Plastic mulches are used extensively in commercial vegetable production (Lamont, 1993). The benefits associated with the use of plastic mulches have been reported in several studies. The most popular plastic mulch worldwide is black, though white-on-black and clear, mulches are also used (Schales, 1990). In the present study, two plastic mulch (black and white) were tested. Plastic mulch affected significantly the tomato yield. The study results revealed that the performance of tomato varieties under black and white plastic mulch was considerably higher than the one grown in bare soil during the spring season. White plastic resulted in 25.3% higher yields than the black plastic, and 39.7% higher than the bare soil in the spring season. Whereas, during the fall season the white plastic resulted in 17.6% higher yield than the black plastic. White plastic can keep adequate temperature and soil moisture in the tomato varieties, as well as preventing the infection of common insects and viruses in the area. In addition, white plastic mulch usually gives cooler temperature than the black plastic because this mulch heats the soil less than the black mulch (Hatt et al., 1995; Schalk and Robbins, 1987). In this study, black plastic resulted in a significant increase of yields (approximately 14.4%) compared to bare soil planted tomatoes. Black plastic mulch is the standard plastic mulch used in vegetable production (Gordon et al., 2010). Moreover, researchers using black plastic instead of bare soil have recorded higher yields (Rajablarijani et al., 2012) and earliness in tomato production (Ibarra et al., 2001; Lamont, 1993). Black plastic also increased number of fruit in tomato by five fruits per plant compared to bare ground grown tomatoes (Díaz-Pérez and Batal, 2002).  The low yield obtained in bare soil treatments with no mulch is attributed to the uncontrolled environmental conditions rather than plastic mulch. During the Spring season, there was no significant interaction between the plastic mulch and varieties under the three planting dates due to optimal temperatures for all varieties. However, during the fall season, a major influence of the plastic mulch was observed on the tomato varieties in the two planting dates that can be attributed to the low temperatures of the fall season and the importance of the plastic mulch to make a more suitable environment for tomato growth.  The varieties that performed better during the fall season were (Tycoon-second planting) and (DRP-8551-second planting) under white plastic and under black plastic mulch were (Tycoon-first planting), (SV8579TE- first planting), and (DRP-8551-first planting) indicating that during the fall season some varieties performed better under the plastic mulch than the spring season. For example, the DRP-8551 increased yield in the fall season by approximately 50% compared to the spring.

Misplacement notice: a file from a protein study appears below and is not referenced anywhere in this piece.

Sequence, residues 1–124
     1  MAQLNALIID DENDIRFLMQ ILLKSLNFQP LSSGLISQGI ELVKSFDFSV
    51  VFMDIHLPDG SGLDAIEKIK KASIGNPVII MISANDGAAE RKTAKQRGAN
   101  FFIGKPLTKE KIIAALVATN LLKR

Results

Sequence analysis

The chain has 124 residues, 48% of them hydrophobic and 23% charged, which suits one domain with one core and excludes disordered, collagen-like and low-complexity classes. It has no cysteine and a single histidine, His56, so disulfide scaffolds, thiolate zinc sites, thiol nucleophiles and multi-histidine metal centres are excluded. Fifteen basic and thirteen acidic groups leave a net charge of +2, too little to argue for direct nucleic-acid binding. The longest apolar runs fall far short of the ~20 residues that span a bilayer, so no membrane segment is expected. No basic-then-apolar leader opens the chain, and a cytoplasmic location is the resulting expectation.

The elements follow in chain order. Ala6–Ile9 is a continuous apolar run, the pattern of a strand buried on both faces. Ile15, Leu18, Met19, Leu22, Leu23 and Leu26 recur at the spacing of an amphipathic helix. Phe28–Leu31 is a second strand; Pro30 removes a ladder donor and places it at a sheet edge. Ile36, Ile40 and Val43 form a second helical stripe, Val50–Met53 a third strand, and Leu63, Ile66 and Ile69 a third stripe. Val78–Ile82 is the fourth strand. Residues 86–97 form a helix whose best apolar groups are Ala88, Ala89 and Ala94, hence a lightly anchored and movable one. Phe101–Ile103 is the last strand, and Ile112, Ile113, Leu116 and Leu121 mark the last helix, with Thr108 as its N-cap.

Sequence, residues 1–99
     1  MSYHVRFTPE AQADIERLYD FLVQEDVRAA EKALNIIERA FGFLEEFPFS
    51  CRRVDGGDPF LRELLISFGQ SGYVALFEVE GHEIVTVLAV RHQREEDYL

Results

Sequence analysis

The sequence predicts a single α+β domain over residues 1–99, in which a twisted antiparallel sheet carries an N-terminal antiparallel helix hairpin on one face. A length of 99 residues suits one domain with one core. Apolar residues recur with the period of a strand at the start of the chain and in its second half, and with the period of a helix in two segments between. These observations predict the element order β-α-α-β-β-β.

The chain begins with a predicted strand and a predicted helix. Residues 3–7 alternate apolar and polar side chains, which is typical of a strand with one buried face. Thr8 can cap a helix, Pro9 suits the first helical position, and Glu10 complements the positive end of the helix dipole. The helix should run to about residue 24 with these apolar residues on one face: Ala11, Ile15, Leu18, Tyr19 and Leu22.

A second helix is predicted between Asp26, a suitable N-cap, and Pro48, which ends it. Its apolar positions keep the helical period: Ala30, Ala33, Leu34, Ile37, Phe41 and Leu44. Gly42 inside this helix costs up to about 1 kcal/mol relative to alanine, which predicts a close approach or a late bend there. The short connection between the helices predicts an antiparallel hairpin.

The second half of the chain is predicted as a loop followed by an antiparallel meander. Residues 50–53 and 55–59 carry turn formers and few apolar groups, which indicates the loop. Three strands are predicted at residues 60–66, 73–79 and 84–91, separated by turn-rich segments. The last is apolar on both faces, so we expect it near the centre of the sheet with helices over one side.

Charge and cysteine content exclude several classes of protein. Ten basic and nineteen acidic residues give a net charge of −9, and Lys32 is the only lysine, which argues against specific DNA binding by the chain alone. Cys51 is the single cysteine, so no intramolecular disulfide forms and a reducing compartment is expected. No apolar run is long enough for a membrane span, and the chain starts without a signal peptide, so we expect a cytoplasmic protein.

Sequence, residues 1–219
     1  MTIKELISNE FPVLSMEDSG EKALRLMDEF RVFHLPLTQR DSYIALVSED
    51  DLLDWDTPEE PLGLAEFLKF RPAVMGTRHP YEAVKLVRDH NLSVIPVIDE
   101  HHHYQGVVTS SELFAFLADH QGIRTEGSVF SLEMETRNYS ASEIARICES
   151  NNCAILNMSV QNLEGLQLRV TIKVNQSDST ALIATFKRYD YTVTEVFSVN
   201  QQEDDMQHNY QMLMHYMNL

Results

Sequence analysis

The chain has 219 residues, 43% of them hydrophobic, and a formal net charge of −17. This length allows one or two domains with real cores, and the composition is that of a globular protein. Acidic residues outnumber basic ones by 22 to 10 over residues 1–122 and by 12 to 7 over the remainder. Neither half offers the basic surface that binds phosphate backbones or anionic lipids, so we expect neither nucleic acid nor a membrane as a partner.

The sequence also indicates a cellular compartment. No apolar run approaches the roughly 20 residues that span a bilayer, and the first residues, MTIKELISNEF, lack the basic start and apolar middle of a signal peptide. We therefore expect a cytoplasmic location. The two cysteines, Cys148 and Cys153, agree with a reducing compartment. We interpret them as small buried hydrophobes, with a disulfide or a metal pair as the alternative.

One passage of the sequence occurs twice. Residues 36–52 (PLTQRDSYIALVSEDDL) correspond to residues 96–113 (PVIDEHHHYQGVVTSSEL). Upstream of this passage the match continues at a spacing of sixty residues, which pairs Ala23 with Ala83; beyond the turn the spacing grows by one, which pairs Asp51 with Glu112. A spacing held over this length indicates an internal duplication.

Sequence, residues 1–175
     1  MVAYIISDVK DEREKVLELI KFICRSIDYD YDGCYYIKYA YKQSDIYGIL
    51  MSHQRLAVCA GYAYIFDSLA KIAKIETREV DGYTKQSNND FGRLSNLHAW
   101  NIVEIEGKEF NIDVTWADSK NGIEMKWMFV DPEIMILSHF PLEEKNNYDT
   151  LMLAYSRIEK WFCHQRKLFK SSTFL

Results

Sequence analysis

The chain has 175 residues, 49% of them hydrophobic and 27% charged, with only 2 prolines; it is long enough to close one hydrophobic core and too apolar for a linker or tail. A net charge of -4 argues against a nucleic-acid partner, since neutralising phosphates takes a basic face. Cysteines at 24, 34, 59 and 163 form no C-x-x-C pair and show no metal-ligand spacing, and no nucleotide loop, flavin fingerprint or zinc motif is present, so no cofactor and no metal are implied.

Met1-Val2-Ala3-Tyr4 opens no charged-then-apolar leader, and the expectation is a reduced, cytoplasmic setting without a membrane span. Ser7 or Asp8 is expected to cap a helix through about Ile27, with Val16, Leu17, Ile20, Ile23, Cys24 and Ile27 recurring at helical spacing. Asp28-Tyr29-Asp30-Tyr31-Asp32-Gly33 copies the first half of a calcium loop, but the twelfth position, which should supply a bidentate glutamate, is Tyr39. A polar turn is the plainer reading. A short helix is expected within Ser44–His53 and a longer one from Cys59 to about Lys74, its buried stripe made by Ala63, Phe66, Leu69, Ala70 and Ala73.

The present study has demonstrated  the effect  of different planting dates and plastic mulch covers (black and white) on the tomato yield. Tomatoes grown under white plastic mulch resulted in approximately 40% increase in the tomato yields than the black plastic mulch and bare soil. Planting the TAM Hot-Ty, SV8597TE, and DRP-8551 in early Spring under white plastic mulch, resulted in higher tomato yields. Whereas, some other varieties resulted in higher yields during late planting dates such as Tycoon in the fall. The production yield is depending on the varieties and its maturity type. Thus, we recommend the use of white plastic mulch to increase the yield as well as the proper selection of the variety. Information given by this study could be useful to growers striving to enhance marketable yields of tomato in south Texas and extend the market windows. During the fall farmers do not want to plant too early to avoid the high environmental temperatures which affect the affect tomato vegetative growth, but they don’t want to plant too late to avoid the low temperatures that cause diseases. Farmers could select varieties that are more resistant to diseases, which can be planted earlier or select the plastic that helps the varieties to produce higher yields in late plantings.


The authors have not declared any conflict of interests.


The authors thank the Texas A&M AgriLife Research for funding this research study and for supporting with equipment and facilities. We also thank Carlos Lazcano from J&D Produce Inc. and Kevin Crosby from Texas A&M University for kindly providing tomato seed for this study. Also, the authors thank Mr. Eduardo Serna for his technical support.